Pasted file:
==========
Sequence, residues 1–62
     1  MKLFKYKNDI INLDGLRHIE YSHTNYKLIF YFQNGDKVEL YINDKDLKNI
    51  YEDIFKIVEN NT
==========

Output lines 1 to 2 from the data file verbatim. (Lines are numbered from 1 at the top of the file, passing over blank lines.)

Sequence, residues 1–62
     1  MKLFKYKNDI INLDGLRHIE YSHTNYKLIF YFQNGDKVEL YINDKDLKNI